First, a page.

A doctor carries out skin testing for allergies by placing a drop of the potential allergen on the patient’s skin

Have you broken out in an itchy rash after enjoying your family dinner or taking your medication? Chances are, you have an allergy. Medically, there are hundreds of potential substances that may cause allergic symptoms. Although animal dander, pollen, and particular foods are the most common, they are not always the case. You may need to test for allergies to find out what substance is the culprit of your unsightly hives. And the first thing to do is to get a physical.

What is allergy testing and what steps does it include?

In layman’s terms, allergy testing is an examination that helps determine the substances that your body overreacts to. It starts with a doctor scrutinizing your medical records, followed by a focused physical. Based on your family history, lifestyle habits, and exam findings, a physician will select the allergens that most likely cause your symptoms.

So, how does allergy testing work? Once the allergens are selected, you will be exposed to them one by one. A doctor will observe your body’s response to each substance to check for bouts of hypersensitivity. Usually, allergic reactions are not long in coming and manifest themselves as hives, sneezing, or chest tightness.

5 Types of allergy tests you must be aware of

Tubes that are used to collect blood to test for allergies

Allergies vary, and so do the tests that are carried out to diagnose them. Depending on your particular case, your doctor may want you to go for:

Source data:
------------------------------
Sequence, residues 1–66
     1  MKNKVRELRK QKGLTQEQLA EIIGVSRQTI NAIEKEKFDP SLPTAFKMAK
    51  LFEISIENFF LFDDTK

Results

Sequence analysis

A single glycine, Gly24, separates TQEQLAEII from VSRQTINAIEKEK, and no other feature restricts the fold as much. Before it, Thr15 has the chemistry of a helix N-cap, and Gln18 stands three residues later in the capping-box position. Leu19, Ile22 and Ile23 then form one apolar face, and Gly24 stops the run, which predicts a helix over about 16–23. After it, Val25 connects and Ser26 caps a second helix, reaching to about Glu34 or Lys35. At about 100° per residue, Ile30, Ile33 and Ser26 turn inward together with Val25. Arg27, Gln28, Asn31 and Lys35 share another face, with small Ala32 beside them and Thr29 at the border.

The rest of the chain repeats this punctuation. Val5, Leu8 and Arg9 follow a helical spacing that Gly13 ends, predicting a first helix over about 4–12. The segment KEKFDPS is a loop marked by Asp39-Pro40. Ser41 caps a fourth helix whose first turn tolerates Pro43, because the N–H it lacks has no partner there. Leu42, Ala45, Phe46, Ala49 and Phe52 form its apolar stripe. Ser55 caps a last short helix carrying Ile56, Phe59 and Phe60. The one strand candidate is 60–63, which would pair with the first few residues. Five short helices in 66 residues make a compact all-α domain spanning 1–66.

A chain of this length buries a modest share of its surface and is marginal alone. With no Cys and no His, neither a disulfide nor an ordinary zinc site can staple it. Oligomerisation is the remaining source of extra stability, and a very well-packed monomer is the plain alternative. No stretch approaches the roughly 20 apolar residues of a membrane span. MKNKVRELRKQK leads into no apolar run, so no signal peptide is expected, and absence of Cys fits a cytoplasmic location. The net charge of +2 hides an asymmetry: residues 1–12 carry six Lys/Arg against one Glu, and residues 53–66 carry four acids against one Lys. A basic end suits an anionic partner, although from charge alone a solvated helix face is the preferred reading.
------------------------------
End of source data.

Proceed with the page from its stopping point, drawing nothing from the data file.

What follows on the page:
• Skin tests. Known for their accuracy, these tests use a tiny bit of an allergen directly on the skin (usually forearm) to check for redness, welts, and other unwanted reactions. A selected substance is applied either with a prick device or as an intradermal injection.
  • Blood tests. They are an alternative option for patients who are not good candidates for skin tests. First, a doctor will collect your blood sample. It will then be mixed with an allergen in a lab environment to estimate the antibody concentration.
  • Oral food challenges. During these tests, you will eat small amounts of food that your body may be hypersensitive to. Because allergic reactions can be dangerous, oral food challenges are always carried out under the physician’s guide.
  • Drug challenge. It refers to testing for allergies to medications (penicillin, anesthetics, etc.). Like foods, drugs are given in low doses, while an allergist watches for potential allergic reactions.
  • Pulmonary function tests. If you have a seasonal allergy or asthma, your doctor may need to perform PFTs. These tests are used to measure how well your lungs work using the spirometer device.

It’s your doctor who can advise you on where to get an allergy test. He or she will also check whether you have any contraindications for specific testing methods. That is why you want to schedule an appointment first.

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